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Ch. 27 - Drug Shortages and Prescription Drug Costs

Udit Jain, MD; Sushant Kapoor, DO, MS; Peter S. Kim, MD; Teresa Proietti, DO

On June 12, 2018, the AMA declared drug shortages to be an urgent public health crisis.1 Although drug shortages have become more apparent in recent times, the problem has been prevalent for over a decade. In 2005, the FDA’s Drug Shortage Program reported 61 national drug shortages; by 2011, this number increased four-fold.2 A similar trend was seen in the University of Utah’s comprehensive drug database, with a three-fold increase in drug shortages from 2001 to 2014.3

Drug shortages have been increasing in frequency while drug costs have been rising. Both of these issues must be addressed to protect patients and our safe practice as emergency physicians.

In late 2017, Hurricane Maria damaged the main drug manufacturing infrastructure, significantly reducing the supply of saline bags.4 The inability to compound hundreds of drugs exacerbated an already prevalent drug shortage problem, leading to a crisis. As of late 2018, the American Society of Health-System Pharmacists listed 188 drug shortages, approximately 40% of which are medications used in the ED for resuscitation, rapid sequence intubation, and the treatment of seizure, sepsis, and acute pain.5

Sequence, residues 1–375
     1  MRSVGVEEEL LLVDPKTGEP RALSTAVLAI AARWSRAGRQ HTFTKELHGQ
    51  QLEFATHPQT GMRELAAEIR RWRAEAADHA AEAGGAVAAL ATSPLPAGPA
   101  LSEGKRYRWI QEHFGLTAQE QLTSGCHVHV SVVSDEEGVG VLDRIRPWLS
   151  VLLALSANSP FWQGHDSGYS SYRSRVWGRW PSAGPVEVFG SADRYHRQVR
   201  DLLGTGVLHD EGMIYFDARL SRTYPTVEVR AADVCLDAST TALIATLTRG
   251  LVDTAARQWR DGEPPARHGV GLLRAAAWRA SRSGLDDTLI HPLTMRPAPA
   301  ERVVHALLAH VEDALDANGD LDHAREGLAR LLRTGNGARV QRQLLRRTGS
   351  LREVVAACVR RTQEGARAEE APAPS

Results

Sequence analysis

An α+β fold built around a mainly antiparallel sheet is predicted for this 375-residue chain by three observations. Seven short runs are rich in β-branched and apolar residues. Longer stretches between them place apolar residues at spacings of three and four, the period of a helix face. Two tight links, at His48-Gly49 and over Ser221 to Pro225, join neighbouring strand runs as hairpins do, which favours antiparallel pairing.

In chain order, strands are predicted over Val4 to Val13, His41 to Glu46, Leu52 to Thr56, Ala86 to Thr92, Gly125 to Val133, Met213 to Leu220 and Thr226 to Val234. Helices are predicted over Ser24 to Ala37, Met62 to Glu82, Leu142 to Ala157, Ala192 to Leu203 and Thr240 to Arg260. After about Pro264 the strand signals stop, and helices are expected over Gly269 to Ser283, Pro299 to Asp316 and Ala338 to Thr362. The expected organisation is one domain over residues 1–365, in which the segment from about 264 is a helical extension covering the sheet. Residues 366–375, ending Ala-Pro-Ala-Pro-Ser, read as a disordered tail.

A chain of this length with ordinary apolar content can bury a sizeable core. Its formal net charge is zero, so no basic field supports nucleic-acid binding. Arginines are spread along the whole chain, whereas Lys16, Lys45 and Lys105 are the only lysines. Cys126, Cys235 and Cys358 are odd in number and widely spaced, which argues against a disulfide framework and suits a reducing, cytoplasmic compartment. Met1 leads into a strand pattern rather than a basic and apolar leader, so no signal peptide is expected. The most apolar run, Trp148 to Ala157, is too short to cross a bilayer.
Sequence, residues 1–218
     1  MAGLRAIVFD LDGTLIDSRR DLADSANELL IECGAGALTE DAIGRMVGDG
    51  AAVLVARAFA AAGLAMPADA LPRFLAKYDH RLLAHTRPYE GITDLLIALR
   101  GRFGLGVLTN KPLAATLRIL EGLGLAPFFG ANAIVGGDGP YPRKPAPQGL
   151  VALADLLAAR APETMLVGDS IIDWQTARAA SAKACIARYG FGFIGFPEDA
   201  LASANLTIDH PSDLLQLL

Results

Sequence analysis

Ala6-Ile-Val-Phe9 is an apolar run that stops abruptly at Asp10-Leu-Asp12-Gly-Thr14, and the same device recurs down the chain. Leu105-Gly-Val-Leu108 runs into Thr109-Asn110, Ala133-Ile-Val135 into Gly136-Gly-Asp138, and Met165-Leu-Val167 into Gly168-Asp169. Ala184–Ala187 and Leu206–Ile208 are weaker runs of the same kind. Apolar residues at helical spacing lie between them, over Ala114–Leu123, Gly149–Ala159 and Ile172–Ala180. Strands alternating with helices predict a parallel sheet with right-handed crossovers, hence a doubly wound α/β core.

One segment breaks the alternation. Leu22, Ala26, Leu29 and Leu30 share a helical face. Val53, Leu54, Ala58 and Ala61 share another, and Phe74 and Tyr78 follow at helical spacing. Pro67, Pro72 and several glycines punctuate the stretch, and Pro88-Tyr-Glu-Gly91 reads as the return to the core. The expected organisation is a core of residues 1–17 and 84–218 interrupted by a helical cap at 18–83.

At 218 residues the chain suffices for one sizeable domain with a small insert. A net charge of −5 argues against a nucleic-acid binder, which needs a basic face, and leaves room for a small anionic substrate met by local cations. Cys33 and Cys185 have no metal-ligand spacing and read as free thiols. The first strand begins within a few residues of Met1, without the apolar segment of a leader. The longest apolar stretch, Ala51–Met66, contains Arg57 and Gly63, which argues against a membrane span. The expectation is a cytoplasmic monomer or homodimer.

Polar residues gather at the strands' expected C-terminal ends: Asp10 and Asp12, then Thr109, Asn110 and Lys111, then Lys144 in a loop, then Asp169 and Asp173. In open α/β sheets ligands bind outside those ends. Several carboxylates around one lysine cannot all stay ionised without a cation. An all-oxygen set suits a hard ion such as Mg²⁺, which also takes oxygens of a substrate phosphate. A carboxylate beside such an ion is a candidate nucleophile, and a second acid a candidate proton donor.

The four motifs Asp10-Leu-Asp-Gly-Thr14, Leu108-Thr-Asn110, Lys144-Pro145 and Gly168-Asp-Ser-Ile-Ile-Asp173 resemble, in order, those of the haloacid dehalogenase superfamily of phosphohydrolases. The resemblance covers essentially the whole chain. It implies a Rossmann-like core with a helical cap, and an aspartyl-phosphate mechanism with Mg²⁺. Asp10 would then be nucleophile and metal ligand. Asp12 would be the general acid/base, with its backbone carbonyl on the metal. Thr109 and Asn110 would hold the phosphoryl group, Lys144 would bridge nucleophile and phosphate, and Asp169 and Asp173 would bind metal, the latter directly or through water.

Emergency physicians rely on injectable drugs to diagnose and manage acute illnesses. In our rapid-paced and demanding environment, we recognize the negative impact of drug shortages on patient outcomes and the physicianpatient relationship. Finding effective alternatives to standard medications is both challenging and costly. ED providers are well versed in the most commonly used drug names, doses, and side effects used for patients in extremis.2,3 Limited experience with alternative agents in high-acuity conditions may lead to medication errors and delays in care, ultimately affecting patient safety.2,3 The added pressure on hospital pharmacists to identify alternatives, track inventory, and determine how to best ration the limited supply, represents costly and timeconsuming endeavors.2,6

In addition, informing patients they cannot receive necessary, standard-of-care medication inevitably damages the physician-patient relationship.6

The etiology of the drug shortage problem is multifactorial. There is interplay between quality control and pharmaceutical manufacturing issues, as well as current federal policies.2-4

Quality Control and Pharmaceutical Manufacturing